Thursday, May 7, 2009

Connecting the Twitter Dots

Today the Life Insurance Settlement Association, Orlando, kicked off its first full day of its 15th spring annual conference here in New York, an event it says has around 400 registered attendees. To give you brief updates, I have been respectively filing updates on and linkedin under Jimsconn and Jim Connolly.
Now, I’m going to fill in the brief Twitter dots.
Top on the list of issues concerning LISA and the life settlement issue were just released IRS Revenue Rulings 2009-13 and 2009-14. The rulings address how both seller and buyer should treat gains, parsing, in a complex, sometimes byzantine way, what is ordinary income and what is capital gain. The ruling is creating concern since attendees say it is will hurt the life settlement industry. Some say that it will also hurt the life insurance industry and products including annuities. When asked whether LISA and the life insurance industry have a common interest, there was some agreement although a bit of doubt over whether the two can work together on the issue. There was agreement that Congress needs to be lobbied and lobbied HARD.
Alan Buerger, co-founder and CEO of Coventry, gave his assessment of some of the current issues facing the industry. Buerger sees potential for securitizations of life settlements. He refers to an American International Group, New York, securitization totaling $8.4 billion of life insurance which helped return $1.2 billion of money back to the federal government following a loan from the U.S. Treasury. Buerger thinks that there will be more securitizations that are use a smaller number of policies than the size of recent transactions.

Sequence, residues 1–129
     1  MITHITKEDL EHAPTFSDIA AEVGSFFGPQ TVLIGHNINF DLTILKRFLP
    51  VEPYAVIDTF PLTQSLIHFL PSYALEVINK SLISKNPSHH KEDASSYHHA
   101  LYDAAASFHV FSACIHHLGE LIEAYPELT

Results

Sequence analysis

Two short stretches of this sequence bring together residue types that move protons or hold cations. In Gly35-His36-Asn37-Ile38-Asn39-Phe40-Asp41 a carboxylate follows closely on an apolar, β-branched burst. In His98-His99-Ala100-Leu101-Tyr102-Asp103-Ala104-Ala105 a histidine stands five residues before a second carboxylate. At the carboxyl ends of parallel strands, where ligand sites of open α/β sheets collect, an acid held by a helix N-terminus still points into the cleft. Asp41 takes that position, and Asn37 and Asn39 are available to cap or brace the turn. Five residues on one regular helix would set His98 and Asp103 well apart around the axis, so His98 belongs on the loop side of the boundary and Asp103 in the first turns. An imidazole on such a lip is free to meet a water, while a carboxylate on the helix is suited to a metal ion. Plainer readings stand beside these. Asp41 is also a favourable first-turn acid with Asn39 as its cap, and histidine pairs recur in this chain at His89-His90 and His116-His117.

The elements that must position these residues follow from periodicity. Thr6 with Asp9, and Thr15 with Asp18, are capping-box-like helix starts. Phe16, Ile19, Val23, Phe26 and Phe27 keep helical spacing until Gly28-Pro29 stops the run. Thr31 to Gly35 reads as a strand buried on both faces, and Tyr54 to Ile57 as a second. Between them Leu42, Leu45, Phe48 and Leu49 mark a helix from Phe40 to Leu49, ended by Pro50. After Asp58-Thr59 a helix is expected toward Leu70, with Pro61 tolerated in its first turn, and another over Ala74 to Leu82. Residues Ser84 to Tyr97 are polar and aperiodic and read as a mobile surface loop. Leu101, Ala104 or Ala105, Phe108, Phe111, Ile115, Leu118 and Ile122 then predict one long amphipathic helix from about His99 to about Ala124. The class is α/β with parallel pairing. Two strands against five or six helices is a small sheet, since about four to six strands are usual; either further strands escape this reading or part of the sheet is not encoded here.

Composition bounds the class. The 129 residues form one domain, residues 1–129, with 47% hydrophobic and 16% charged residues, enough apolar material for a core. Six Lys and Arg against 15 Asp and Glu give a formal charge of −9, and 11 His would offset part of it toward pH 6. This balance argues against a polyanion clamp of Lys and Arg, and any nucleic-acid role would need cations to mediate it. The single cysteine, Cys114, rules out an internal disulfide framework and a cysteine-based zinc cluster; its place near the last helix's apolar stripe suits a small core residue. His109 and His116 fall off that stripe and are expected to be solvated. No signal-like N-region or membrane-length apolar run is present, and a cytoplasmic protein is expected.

On regulatory issues, Buerger says that the industry has to do a better job of getting the message out that it is helping the consumer by providing them with more money than they would have received from surrendering life insurance contracts.
Buerger also criticized a recent hearing on life settlements conducted by U.S. Sen. Herb Kohl’s special committee on aging. Buerger says that up until the last moment the special committee provided no information on who would be testifying and what would be said. He said that he felt Coventry was being set up and had declined to participate in the hearing. “We knew that this was a hit job.” So, he continues, an hour after his company pulled out, the special committee staff opened up with information. Ultimately, after information was released, Buerger said his firm did agree to testify.
At the state level, Buerger advises LISA attendees to watch out for an Attorney General initiative in California which will tax benefits to the beneficiary if there is not an insurable interest.
Mmmm. In an age where states are cash starved, could this be a trend?
If the California initiative has legs, it may well affect COLI and BOLI, Buerger says.
And, Buerger capped off his talk to the room full of attendees on an upbeat note. Now there are too few dollars for too many policies. But a year from now, that will reverse, he predicts.
Kurt Gearhart, a director of the life insurance group with Credit Suisse Securities in New York, has some advice for the life settlement industry. The quality of life policy originations needs to improve in order for the industry to grow and advance. The more doubt there is about how policies are originated, the more that they will back away from the life insurance as an asset class, he says.
On the issue of life expectancies, there was an interesting juxtaposition. As a session on a life settlement mortality study conducted by Watson Wyatt was being discussed, attendees were venting their anger over how life expectancies were less than accurate and impacting the willingness of investors to invest in life settlements.
Among the issues raised by the audience was how there could be a 4-5 year disparity of life expectancies. One broker complained that from the seller’s viewpoint, there is a lack of credibility that is keeping them away. The panel countered that they have not been presented with questions from investors who say they need a certain return or a certain life expectancy.
Another broker claimed that providers of life expectancies have swung to the right and are unduly conservative to protect themselves.

No comments:

Post a Comment